Thursday, December 18, 2008
30. The Dodos – Visiter
While this album is kind of hit or miss for me, the hits definitely outweigh the misses. Pitchfork has compared them to a more unplugged version of Animal Collective, and to some extent, I can see that. It’s stripped down music, but there’s a lot of heart to it, from the energetic drumming to the driving acoustic guitars to the occasional supplemental shout. Strengths include “Red and Purple,” “Fools,” and “Jody,” and while I can live without some other tracks, their unconventional quirkiness isn’t enough to take away from the album’s successes.
29. The Notwist – The Devil, You + Me
This album is a soothing, yet odd little collection. It occasionally goes off-kilter (complete with Radiohead from Kid A-style percussion), but it comes back with a soft landing. You then realize that you’re better for the journey. There’s still a smoothness and subtlety to the execution here that’s heartwarming. The occasional gentle strum of the acoustic guitar with the soft but driving rhythm section give their music warm undertones that make it an enjoyable listen. Favorites include “Good Lies,” “The Devil, You + Me,” and album closer “Gone Gone Gone,” which sounds like a song you could hear playing during the credits of either The Office or an indie film. It provides an appropriate anticlimactic end to either a short story or an album built on subtlety.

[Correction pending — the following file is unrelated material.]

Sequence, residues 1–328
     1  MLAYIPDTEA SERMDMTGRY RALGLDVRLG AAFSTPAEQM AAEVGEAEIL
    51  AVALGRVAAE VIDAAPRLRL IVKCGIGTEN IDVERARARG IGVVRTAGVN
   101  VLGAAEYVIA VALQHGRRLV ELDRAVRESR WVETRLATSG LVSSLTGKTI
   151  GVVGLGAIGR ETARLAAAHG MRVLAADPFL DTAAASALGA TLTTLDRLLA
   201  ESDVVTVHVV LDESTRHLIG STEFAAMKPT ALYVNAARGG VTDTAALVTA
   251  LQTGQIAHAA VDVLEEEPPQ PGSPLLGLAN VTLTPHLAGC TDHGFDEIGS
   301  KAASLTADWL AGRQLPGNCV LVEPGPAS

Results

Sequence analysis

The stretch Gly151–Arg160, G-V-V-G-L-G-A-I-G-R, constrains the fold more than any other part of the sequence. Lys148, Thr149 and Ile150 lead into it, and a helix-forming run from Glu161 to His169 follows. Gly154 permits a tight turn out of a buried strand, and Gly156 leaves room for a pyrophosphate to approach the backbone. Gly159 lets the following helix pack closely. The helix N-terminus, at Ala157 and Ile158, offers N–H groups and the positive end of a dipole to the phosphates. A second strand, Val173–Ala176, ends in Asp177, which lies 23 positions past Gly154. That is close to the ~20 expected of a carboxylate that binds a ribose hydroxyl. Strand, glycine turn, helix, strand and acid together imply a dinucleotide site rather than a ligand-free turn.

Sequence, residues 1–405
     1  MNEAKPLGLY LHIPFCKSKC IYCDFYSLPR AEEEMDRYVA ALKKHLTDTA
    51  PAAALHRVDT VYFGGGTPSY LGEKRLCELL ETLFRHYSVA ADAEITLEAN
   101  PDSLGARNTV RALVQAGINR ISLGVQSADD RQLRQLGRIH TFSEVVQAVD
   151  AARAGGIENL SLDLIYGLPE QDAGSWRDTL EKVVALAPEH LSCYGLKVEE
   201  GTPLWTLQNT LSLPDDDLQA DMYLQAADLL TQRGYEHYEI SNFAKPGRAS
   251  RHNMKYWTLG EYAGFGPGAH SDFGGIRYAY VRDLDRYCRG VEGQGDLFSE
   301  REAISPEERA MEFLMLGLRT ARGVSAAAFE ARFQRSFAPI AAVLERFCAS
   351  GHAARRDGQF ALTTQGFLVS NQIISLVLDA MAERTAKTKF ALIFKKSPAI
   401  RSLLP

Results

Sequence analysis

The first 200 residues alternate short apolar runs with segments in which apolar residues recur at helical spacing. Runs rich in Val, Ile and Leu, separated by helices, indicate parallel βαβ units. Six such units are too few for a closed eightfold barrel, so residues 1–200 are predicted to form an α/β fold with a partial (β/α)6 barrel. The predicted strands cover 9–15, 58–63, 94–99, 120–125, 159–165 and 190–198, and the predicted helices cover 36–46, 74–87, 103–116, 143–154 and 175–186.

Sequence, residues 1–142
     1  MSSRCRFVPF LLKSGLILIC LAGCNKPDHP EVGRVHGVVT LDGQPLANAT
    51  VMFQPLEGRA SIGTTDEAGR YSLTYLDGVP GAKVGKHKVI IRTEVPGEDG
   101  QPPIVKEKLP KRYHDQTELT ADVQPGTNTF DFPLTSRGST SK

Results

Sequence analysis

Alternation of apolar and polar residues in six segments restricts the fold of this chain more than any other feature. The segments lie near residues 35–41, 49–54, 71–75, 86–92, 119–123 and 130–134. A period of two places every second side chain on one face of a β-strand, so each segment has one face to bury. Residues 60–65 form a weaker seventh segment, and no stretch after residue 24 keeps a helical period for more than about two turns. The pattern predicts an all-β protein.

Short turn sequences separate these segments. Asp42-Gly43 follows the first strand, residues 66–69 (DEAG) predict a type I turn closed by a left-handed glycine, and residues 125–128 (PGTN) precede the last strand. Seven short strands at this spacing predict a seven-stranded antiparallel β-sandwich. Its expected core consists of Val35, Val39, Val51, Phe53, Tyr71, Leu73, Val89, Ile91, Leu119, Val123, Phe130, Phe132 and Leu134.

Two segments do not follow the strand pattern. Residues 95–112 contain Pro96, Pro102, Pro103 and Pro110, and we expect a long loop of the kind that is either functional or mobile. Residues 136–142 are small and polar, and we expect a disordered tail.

28. Death Cab for Cutie – Narrow Stairs
Another very enjoyable record for Death Cab for Cutie, although it’s clear that they are taking some chances with this record. Its more unconventional song structures mix with the band’s knack for solid pop songs for a record that is a pleasant listen. Songs like “Cath…” and “No Sunlight” are really catchy, and despite the lyrics, they bring out a sense of optimism that is infectious. I do wonder, however, what’s up with the 4 minute intro to “I Will Possess Your Heart.” Overall, though, Death Cab has another catchy, smart record that grows well with a few listens.
27. Earlimart – Hymn and Her
If you were ever in the mood for some more Elliot Smith-esque pop, may I introduce Earlimart to you. In songs like “God Loves You the Best” and “Cigarettes and Kerosene” I swear the male singer Aaron Espinoza sounds just like Elliot. Other times you get some pretty good moody pop music. They have a great combination of instruments, and the songs from female vocalist Ariana Murray (“Time for Yourself,” “Before It Gets Better”) bring a nice balance to the record. It’s got a good range to it.
26. Bon Iver – For Emma, Forever Ago